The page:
On The Nightly Show and Diversity

With all of the talk and arguments over diversity within entertainment, one theme has emerged, time and again: it is incumbent upon the producers, creators, and makers out there to deliberately hire more women and more people of color (POC) in general, in order for things to truly diversify. We can’t just hope and pray for more POC to magically show up on our tvs and movie screens; we have to put them there. The people in charge have to provide the opportunities, as there is plenty of talent out there.  One particular example of this deliberate hiring strategy is Full Frontal with Samantha Bee, which has (thus far) a writer’s room that is 50% women, and 30% “nonwhite”.

While I am enjoying Full Frontal quite a bit, I wanted to focus this post on a show that might have started out a bit weak a year ago, but which has picked up steam ever since: The Nightly Show with Larry Wilmore. Not only is the writing and contributor staff quite diverse, but his roundtable segments (now featuring at least 2 show contributors) are often entirely nonwhite and sometimes all women panelists. I included just one screengrab as an example:Screen-Shot-2016-02-09-at-8.56.04-AM-1280x960

This particular segment featured regular contributors Robin Thede and Franchesca Ramsey, as well as guest Keke Palmer. The conversation was so delightful and funny that it didn’t hit me right away how groundbreaking this really was–a panel of entirely women of color on a late night show? When does that ever happen? The cast of contributors and writers also includes Grace Parra and Holly Walker, who also feature as panelists quite often. (And Parra does my favorite segment, “Nightly, Nightly.” Just watch it, you’ll get it.)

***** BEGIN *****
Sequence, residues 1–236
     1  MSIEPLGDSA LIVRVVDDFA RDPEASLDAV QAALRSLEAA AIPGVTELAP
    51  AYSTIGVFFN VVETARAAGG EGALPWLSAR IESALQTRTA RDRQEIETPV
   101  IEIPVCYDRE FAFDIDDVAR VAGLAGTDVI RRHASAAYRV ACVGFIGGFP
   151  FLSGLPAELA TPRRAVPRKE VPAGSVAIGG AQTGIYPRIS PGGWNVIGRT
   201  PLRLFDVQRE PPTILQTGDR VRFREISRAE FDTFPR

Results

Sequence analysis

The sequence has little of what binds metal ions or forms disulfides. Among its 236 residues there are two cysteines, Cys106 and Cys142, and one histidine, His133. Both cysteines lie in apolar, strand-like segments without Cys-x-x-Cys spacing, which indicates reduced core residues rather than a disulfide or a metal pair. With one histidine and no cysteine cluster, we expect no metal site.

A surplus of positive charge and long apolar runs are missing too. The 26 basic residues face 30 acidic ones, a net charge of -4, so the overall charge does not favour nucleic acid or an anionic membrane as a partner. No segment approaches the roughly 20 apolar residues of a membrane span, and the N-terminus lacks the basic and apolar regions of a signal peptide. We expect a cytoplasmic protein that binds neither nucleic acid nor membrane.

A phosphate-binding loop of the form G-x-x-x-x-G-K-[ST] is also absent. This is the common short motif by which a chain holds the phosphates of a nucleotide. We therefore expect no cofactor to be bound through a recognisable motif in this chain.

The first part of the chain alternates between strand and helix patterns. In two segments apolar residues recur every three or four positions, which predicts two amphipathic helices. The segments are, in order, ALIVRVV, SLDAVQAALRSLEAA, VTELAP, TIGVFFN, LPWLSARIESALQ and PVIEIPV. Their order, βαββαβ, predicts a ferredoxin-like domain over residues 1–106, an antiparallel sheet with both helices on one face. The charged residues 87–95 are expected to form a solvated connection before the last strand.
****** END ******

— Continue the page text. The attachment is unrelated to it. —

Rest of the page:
What The Nightly Show provides is something we certainly need to see more of on our screens, but it also demonstrates a hiring model that I am sure other TV shows, films, and news programs can follow. In fact, since the show has hired more women of color, notably Ramsey, it has gotten sharper and more interesting. Diverse hiring practices are not about “settling” or “passing over more qualified candidates,” or whatever whiny nonsense anti-POC people spout these days. Diversity can only strengthen something, so let’s see more of this, please.

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